How to Buy Property Overseas for Retirement

Buying real estate overseas can be a fulfilling experience for retirees. Plus, having an investment property in the country where you want to live later in life allows you to set up a rent-free retirement. Your U.S. dollar-based retirement income is also better buffered against currency exchange rate movements that otherwise could increase your cost of living beyond affordability. However, foreign property owners don’t have the same rules and safety nets one has when buying real estate in the United States.

When buying real estate overseas, follow these guidelines:

— Decide on your budget.

— Hire an attorney.

— Find out what is included with the property.

— Determine how much space you need.

— Pay attention to zoning rules.

— Learn about homeowners associations.

— Find out if you can rent short-term.

— Calculate ongoing costs.

— Estimate proximity to day-to-day services.

— Consider the path of progress.

— Be cautious when buying into a private development.

— Understand that building a home overseas can be challenging.

— Evaluate environmental risks.

— Think about living overseas part time.

Decide on Your Budget

When buying property overseas, be clear on your finances before you start shopping. If your budget is strict, don’t be tempted to consider properties outside your price point. You’ll only be disappointing yourself unnecessarily.

In addition, remember that every international real estate investment comes with closing costs that must be included in your budget. Having $100,000 in your pocket doesn’t mean you can buy a $100,000 property overseas. Factor in all expenses and budget a little extra for unforeseen costs that may come up.

Hire an Attorney

Engage an attorney who speaks fluent English and is experienced in helping foreign buyers navigate the local purchase process. Some countries, including Mexico and Ecuador, may offer more English-speaking attorneys than others. If possible, try to find a reputable attorney through a referral from fellow expats. Don’t use the same attorney as the seller or the developer you’re buying from. You want to find an independent attorney who works for you.

Find Out What Is Included With the Property

Confirm what is included with the purchase. Sometimes furniture and appliances are included in the sale. But in many markets, it’s common for the seller to take everything with them, down to the lighting fixtures. This can be a negotiating point when deciding how much to offer. Some developers don’t include air conditioners, kitchen cabinetry or even the kitchen sink and countertops when delivering newly built properties. In this case, adjust your budget to allow for the cost of the new installation.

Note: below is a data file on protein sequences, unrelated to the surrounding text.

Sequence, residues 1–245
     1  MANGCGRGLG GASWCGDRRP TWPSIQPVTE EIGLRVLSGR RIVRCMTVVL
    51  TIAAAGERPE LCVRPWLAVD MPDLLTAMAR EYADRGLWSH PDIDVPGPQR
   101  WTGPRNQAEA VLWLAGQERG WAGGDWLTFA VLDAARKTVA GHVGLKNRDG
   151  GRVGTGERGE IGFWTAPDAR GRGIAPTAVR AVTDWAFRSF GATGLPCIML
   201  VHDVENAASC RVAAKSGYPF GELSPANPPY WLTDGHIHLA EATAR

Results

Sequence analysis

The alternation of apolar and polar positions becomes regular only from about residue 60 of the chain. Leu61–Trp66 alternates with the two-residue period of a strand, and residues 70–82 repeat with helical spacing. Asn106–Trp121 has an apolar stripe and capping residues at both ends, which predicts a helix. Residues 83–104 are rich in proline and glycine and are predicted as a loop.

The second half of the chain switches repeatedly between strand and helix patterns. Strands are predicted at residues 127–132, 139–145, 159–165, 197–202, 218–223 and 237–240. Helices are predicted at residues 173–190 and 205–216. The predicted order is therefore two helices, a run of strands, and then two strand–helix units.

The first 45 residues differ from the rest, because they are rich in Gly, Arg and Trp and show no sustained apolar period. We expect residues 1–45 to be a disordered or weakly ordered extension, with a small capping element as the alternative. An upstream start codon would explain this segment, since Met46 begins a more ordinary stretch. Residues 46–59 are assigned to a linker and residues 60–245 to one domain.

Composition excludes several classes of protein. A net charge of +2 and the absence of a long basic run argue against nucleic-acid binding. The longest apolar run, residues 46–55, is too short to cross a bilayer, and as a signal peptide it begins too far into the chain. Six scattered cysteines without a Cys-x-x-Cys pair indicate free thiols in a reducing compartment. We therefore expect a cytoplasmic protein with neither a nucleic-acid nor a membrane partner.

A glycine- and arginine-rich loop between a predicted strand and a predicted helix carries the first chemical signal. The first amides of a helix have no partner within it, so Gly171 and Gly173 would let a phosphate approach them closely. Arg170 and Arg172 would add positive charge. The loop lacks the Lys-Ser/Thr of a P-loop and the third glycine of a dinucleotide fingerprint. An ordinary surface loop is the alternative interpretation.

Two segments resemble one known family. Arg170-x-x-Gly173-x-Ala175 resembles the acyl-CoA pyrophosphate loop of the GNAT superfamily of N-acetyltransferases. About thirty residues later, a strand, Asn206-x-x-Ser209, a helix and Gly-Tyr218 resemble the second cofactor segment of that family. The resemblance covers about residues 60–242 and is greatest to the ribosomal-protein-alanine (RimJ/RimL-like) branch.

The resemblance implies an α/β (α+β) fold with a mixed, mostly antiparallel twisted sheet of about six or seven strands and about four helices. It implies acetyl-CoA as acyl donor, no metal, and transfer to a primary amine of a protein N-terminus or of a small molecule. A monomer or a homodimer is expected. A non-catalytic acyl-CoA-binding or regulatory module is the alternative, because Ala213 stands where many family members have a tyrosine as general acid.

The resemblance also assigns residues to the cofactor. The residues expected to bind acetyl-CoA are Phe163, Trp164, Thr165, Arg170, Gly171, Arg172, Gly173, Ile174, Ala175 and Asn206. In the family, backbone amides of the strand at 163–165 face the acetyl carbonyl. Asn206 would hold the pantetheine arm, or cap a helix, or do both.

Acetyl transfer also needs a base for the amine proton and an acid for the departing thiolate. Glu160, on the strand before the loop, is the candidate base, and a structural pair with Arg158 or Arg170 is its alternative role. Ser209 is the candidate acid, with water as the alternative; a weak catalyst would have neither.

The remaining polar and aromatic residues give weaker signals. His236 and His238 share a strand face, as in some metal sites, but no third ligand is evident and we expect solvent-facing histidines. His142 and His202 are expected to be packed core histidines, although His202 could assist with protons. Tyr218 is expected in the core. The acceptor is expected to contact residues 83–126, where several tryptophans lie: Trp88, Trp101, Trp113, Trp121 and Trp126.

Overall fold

Determine How Much Space You Need

When choosing a home overseas, think about whether you want an apartment or a house, one bedroom or two, and two levels or only one. If you anticipate hosting frequent visitors, you might want a guest room or even a guesthouse. Even if you prefer not to host, you may want to choose a property with a decent selection of nearby hotels.

Additionally, your wish list might also include a front yard, a back garden or a swimming pool. All these things require care and maintenance and will add to your monthly budget.

[Is Your House Too Big for You?]

Pay Attention to Zoning Rules

If you’re investing in a gated community, there are probably rules about what owners can build. However, if you’re buying in an Ecuadorian mountain town and one day find that the house next door has been converted to a disco, you have no recourse. Ecuador doesn’t impose zoning regulations. With that in mind, find out what your neighbors are prohibited from doing with their properties before you commit to buying.

Learn About HOAs

In the United States, you might take for granted that any apartment building or housing development operates according to the rules of a homeowners association. Don’t assume the same rules exist when buying an apartment or house in a private community overseas. Ask to see the HOA documentation, including recent financial statements showing ongoing expenses and cash on hand, and have your attorney review it. If the HOA isn’t properly registered, the HOA rules are unenforceable. That can put your property value at risk.

Prospective buyers should also ask about HOA fees. You’ll want to make sure the HOA charges are high enough to cover related expenses. If they aren’t, property maintenance could be deferred, putting your investment at risk.